His grandma was right.  She was right about Mrs. McNally, she always beat him at gin rummy and she seemed to know what was best for grandpa too.  Although Grandpa argued sometimes, he seemed to do things grandma’s way more often than not.

“No, thank you, ma’am.”  He’d been taught to say.  “We’ll just have the plain chocolate tonight.”  Mrs. McNally put on a surprised face and said “Okey dokey, but you’re missin’ a real treat.”

George said, “I can only speculate that chocolate mint was Mrs. McNally’s favorite and she wanted everyone to enjoy it too.  My grandmother would say “Nobody likes mint in ice cream, mint is for tea.” But as I think about them now, I realize that my grandmother just needed to have the upper hand in everything and choosing plain chocolate was her way of asserting herself.”  Our sun fell behind the distant trees as George told how Mrs. McNally carefully scooped exactly a pint of ice cream into the container.

It was difficult to make out George’s features in the fading light but I know he was smiling now to think that his grandmother had won another skirmish.  He sipped his wine while the memories of the walk home from the store became clear on the pages of the book he saw in his mind.  He gave a satisfied sigh as the citrus and berry taste of the wine crossed his palate.

Leaving Mrs. McNally with the bell jangling into the night, Pete turned up the sidewalk.  Hose water still lay on the concrete and had darkened it in arcs and runs.  The cooler night air was now clear of cooking smells but inhabited by whatever lives in the wet grass and rustling tree branches of dusk.  He might be scared if he hadn’t walked this way often but somehow the brown bag and weight of a pint of deliciousness made him brave; that and the red orange glow tip of cigarettes floating mid air on nearly every porch.

The men of the house, fathers and grown sons, had moved off the steps when the sun went down.  They withdrew to the semi-privacy of front porches with façades of brick or wood or the occasional post and railing.  They sat quietly and smoked their Camels and Pall Malls.  Their faces were hidden in the deep shadows of the porch roofs but the ends of their cigarettes glowed like miniature lighthouses guiding his way home.  He didn’t speak to the men, his grandparents’ neighbors, as this was a sacred time of evening.  Their last chore, an attempt at keeping a square of lawn green in summer’s heat was completed, and it was time for contemplation.  It was time to think over the day’s triumphs, decisions made and nuisances that nagged at them; time to let the house cool down before going inside.  Time to be alone as their wives put children to bed or sat inside in an arc of light to darn or write letters in the still of the evening.  Pete might catch a few words of men’s conversations but he was most intent on recognizing his grandparents’ porch in the dark, so he paid little heed to their talk.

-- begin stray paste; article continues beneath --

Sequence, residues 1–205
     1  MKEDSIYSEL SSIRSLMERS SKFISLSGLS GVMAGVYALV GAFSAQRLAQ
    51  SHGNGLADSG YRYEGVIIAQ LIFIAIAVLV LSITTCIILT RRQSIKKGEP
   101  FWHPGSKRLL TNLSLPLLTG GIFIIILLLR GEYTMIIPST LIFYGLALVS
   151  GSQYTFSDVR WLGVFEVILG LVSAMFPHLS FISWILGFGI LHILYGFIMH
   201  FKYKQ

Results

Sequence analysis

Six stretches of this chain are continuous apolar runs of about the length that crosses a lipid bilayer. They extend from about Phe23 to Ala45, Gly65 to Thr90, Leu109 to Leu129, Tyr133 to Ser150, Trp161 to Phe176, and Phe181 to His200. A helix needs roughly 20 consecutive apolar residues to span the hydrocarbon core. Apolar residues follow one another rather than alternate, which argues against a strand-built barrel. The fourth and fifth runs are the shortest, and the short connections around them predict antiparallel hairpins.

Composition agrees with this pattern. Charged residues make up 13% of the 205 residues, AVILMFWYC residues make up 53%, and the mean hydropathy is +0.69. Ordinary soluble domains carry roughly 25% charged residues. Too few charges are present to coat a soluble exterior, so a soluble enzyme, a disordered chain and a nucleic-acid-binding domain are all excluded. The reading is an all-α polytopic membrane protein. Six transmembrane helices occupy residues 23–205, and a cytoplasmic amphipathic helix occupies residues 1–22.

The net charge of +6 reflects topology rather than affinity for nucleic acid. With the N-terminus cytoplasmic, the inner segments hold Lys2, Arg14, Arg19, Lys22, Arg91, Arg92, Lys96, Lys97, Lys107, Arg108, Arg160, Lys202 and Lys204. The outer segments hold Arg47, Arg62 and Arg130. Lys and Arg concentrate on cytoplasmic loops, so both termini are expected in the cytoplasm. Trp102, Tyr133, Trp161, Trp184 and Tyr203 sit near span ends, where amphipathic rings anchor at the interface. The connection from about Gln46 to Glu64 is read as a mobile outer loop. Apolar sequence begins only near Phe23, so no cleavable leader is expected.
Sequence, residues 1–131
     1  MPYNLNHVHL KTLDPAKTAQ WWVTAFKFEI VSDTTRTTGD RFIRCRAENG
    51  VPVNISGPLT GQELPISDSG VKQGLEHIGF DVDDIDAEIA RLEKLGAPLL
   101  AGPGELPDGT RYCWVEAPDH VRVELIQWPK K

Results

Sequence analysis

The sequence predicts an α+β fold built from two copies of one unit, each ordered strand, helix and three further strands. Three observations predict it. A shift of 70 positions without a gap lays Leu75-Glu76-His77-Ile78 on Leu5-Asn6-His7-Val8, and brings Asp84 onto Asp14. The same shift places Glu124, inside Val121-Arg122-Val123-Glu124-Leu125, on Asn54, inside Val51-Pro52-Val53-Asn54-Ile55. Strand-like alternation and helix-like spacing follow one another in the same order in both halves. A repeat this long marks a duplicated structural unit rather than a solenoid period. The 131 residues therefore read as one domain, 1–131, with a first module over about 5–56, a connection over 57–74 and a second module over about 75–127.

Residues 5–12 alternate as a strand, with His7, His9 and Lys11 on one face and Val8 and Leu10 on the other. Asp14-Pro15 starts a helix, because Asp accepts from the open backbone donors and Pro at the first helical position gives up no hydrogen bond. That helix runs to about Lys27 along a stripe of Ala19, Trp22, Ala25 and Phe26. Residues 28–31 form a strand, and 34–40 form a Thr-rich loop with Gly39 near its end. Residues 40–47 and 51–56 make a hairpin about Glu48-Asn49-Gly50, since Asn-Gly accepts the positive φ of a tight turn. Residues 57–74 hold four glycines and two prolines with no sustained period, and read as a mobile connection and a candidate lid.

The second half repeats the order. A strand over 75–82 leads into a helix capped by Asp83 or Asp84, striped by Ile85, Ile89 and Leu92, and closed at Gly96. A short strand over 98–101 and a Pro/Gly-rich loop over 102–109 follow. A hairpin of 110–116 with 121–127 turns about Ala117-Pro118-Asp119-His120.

Watching for his return, his grandfather would clear his throat or scrape his chair over the porch boards as Pete came close, a signal that said I know you know this is our house but just in case, I am here. His grandfather would rise and they would go inside for their bowl of tradition, patting him on the back for a job well done.

If it was a really hot night, he could feel the first cold, creamy mouthful hit his stomach; it sent a shiver down his spine. More ice cream cooled his lips and froze the roof of his mouth sending a sharp pain to his head.  He scraped at the last dribbles in the bowl.  Then his grandfather would bend down and kiss him on top of his head and go out to the porch for one last smoke while he was put to bed.

There was wistfulness in his voice as George said “No one sits out on porches anymore.”  His story was told and he was silent for a few moments.  He had once been a smoker but had given up the habit years before and he didn’t like to eat ice cream when he was drinking wine, he said the two didn’t mix very well.  But the memories of a six year old walking home, guided by the light of cigarettes burning in the night and the taste of chocolate ice cream in bowls had lasted sixty years.  The enjoyment of this evening was company, wine and a memory relived and told in tender terms, evoked by a warm summer’s night.


P.A. Bees has worked in the construction industry over thirty-five years.  She now consults on environmentally sustainable building projects.  She can make a meal out of an empty refrigerator and wants for nothing more than travel and the occasional hug from a grandchild.  She has been previously published in Halfway Down the Stairs, The Green Silk Journal, Ghostlight Magazine, and the Clockwise Cat.

© 2008, P.A. Bees